by Globus the Elder
“It is not these well-fed, long-haired men that I fear, but the pale and hungry-looking.” – Julius Caesar
The period of history surrounding the rise and fall of Rome is one of my favorites. Listen to The History of Rome podcast by author Mike Duncan (it’s like Game of Thrones, but historically accurate). Whether it’s the world spanning games like Time of Crisis or Conquest of the Empire, to games of set piece battles like Command and Colors: Ancients, the environment scales in all directions.
Speaking of Command and Colors, as wonderful as that game is, it does occupy a large chunk of real estate, and require spending a fair amount of time on setup and play, which is a worthwhile investment if you have it.
But if you don’t…
The gameplay blends card mechanics, like Star Realms or Magic: The Gathering, and set piece battle tactics, such as left-right-center positioning on the battlefield and supporting units. Players will deploy their armies to the field from their hands, paying the cost of each card from their CP (Command Points). When a card is played, you resolve all of the abilities of the card, gaining any advantage or disadvantage.
Cards are played into columns, left-right-center, which are aligned through the use of a battlefield placed in the center of play, which also tracks turn order. Card management is key, as there is no “draw step”. You choose at the beginning of your turn to either add two CP to your pool or to draw a card. Overcommit, and play too many cards early, and you won’t have anything in hand to react with.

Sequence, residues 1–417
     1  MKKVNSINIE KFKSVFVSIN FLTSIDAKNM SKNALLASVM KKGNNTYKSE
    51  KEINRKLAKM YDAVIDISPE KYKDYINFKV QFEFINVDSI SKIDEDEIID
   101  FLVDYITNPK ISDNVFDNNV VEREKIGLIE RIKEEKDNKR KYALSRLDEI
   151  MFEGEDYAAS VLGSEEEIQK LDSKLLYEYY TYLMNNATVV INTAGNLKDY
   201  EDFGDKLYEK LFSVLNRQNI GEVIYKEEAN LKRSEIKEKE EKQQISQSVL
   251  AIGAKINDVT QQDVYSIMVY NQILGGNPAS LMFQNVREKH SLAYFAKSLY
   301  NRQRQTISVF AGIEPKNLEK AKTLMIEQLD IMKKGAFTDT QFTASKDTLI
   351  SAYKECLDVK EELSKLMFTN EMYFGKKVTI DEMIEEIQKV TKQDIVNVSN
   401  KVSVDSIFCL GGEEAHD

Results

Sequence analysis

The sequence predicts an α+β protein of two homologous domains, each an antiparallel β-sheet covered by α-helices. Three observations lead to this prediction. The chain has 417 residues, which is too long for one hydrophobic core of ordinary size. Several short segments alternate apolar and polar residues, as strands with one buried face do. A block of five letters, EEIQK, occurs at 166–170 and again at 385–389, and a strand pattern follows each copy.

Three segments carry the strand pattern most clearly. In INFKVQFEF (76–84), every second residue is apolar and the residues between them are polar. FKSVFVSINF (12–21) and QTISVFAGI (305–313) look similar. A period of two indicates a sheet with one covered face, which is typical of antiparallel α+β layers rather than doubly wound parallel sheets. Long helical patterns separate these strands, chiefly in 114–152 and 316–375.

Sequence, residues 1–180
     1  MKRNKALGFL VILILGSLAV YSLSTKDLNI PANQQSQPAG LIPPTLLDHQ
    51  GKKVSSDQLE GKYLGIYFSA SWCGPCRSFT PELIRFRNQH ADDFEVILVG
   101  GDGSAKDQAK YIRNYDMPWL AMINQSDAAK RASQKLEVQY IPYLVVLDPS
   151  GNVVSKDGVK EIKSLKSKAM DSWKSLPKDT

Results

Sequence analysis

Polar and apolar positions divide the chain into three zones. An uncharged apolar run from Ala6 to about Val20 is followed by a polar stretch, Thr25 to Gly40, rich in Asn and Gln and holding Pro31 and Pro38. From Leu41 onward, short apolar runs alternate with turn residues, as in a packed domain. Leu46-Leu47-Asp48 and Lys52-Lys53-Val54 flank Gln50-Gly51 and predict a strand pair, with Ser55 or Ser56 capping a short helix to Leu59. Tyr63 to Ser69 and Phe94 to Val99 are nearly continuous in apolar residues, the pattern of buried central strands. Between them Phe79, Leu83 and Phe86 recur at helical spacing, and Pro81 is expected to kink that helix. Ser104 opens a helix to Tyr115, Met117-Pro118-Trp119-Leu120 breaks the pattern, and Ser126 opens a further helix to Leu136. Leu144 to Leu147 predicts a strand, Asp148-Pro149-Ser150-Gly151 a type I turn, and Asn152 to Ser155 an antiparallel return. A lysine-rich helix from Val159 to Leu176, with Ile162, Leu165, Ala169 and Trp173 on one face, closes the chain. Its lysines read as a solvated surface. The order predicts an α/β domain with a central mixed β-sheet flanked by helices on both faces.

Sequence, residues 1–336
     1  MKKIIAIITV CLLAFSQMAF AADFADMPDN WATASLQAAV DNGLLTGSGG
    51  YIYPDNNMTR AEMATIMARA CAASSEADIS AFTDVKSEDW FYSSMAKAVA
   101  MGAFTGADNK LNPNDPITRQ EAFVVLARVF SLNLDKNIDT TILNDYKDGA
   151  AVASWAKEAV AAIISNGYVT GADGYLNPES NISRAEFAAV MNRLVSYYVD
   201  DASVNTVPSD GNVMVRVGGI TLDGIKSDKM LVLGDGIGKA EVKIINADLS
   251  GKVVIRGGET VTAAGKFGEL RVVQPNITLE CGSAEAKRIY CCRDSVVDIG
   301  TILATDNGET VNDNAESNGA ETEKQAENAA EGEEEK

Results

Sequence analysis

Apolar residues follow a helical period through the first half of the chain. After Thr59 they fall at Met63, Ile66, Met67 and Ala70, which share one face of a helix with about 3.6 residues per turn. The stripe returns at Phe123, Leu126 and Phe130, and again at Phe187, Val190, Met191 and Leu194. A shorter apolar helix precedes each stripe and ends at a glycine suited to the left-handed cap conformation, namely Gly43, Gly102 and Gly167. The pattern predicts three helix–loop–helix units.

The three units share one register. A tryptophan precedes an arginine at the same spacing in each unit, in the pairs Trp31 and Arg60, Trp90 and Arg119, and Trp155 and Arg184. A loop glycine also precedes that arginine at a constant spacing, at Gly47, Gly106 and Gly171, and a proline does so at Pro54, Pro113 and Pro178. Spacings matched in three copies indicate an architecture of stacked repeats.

After you have played your cards for the turn, you execute an attack. Unlike most games of this type, you don’t damage units, damage is applied to an abstract AS (Army Strength). As cards are played into a column, they increase that column’s attack and defense, with only the last played card’s text showing (General cards are an exception, as they always float to the revealed position in the column).
Add up your column’s Attack value, subtract your opponent’s column’s Defense value, and any remaining points are subtracted from your opponent’s army strength. Repeat for the other columns, and if you reduce their AS to zero, you win. You can also win by reducing their CP below zero.
From the excellent card art, to the soldier meeples used to track your CP and AS, SunTzuGames really dialed this in. Each of the four decks included, representing four different peoples of the era, has it’s own flavor. With an army building system, and an average of fifteen to seventeen cards in each army (out of a deck of 54), you can build an army that suites your style, or engage in the ancient historical battles provided. There are also additional variants found in the rules and on the website.
The game is very fast, and therefore can be unforgiving. One mistake will usually cost you the game.
That flaw, which is just a function of a game with a playtime of 15-30 min, notwithstanding, this is definitely a Buy. There are enough components in the box for two games of two, and there are enough cards within a particular deck for two players to work out the same deck for their armies. It packs everything into a smallish box, with a well-designed insert. There’s a lot of value here. It’s fast, suitable for filler, lunch time play, or waiting for arrivals, but you can easily create a tournament style event, or even a campaign.
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